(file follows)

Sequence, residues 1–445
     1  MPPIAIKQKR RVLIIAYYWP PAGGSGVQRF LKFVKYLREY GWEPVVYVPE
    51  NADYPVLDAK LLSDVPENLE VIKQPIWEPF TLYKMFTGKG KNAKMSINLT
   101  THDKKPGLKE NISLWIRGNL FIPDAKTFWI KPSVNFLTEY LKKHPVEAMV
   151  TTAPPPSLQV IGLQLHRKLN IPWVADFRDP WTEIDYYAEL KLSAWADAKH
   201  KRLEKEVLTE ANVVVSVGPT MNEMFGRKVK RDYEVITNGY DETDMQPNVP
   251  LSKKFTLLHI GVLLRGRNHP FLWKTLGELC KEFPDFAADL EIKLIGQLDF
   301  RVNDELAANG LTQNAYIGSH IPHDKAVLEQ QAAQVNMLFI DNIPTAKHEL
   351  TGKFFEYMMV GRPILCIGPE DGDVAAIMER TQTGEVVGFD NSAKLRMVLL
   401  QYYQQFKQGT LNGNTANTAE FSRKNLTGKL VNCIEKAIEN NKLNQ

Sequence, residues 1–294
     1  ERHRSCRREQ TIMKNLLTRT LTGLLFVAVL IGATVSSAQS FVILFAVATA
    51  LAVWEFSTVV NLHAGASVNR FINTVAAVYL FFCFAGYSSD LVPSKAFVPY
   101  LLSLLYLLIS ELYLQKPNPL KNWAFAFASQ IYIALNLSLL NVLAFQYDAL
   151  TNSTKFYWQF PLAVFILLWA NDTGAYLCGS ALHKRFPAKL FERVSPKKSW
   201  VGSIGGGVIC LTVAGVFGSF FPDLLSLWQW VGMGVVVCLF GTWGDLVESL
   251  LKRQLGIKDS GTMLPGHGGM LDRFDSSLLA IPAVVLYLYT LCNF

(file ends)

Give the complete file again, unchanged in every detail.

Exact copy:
Sequence, residues 1–445
     1  MPPIAIKQKR RVLIIAYYWP PAGGSGVQRF LKFVKYLREY GWEPVVYVPE
    51  NADYPVLDAK LLSDVPENLE VIKQPIWEPF TLYKMFTGKG KNAKMSINLT
   101  THDKKPGLKE NISLWIRGNL FIPDAKTFWI KPSVNFLTEY LKKHPVEAMV
   151  TTAPPPSLQV IGLQLHRKLN IPWVADFRDP WTEIDYYAEL KLSAWADAKH
   201  KRLEKEVLTE ANVVVSVGPT MNEMFGRKVK RDYEVITNGY DETDMQPNVP
   251  LSKKFTLLHI GVLLRGRNHP FLWKTLGELC KEFPDFAADL EIKLIGQLDF
   301  RVNDELAANG LTQNAYIGSH IPHDKAVLEQ QAAQVNMLFI DNIPTAKHEL
   351  TGKFFEYMMV GRPILCIGPE DGDVAAIMER TQTGEVVGFD NSAKLRMVLL
   401  QYYQQFKQGT LNGNTANTAE FSRKNLTGKL VNCIEKAIEN NKLNQ

Sequence, residues 1–294
     1  ERHRSCRREQ TIMKNLLTRT LTGLLFVAVL IGATVSSAQS FVILFAVATA
    51  LAVWEFSTVV NLHAGASVNR FINTVAAVYL FFCFAGYSSD LVPSKAFVPY
   101  LLSLLYLLIS ELYLQKPNPL KNWAFAFASQ IYIALNLSLL NVLAFQYDAL
   151  TNSTKFYWQF PLAVFILLWA NDTGAYLCGS ALHKRFPAKL FERVSPKKSW
   201  VGSIGGGVIC LTVAGVFGSF FPDLLSLWQW VGMGVVVCLF GTWGDLVESL
   251  LKRQLGIKDS GTMLPGHGGM LDRFDSSLLA IPAVVLYLYT LCNF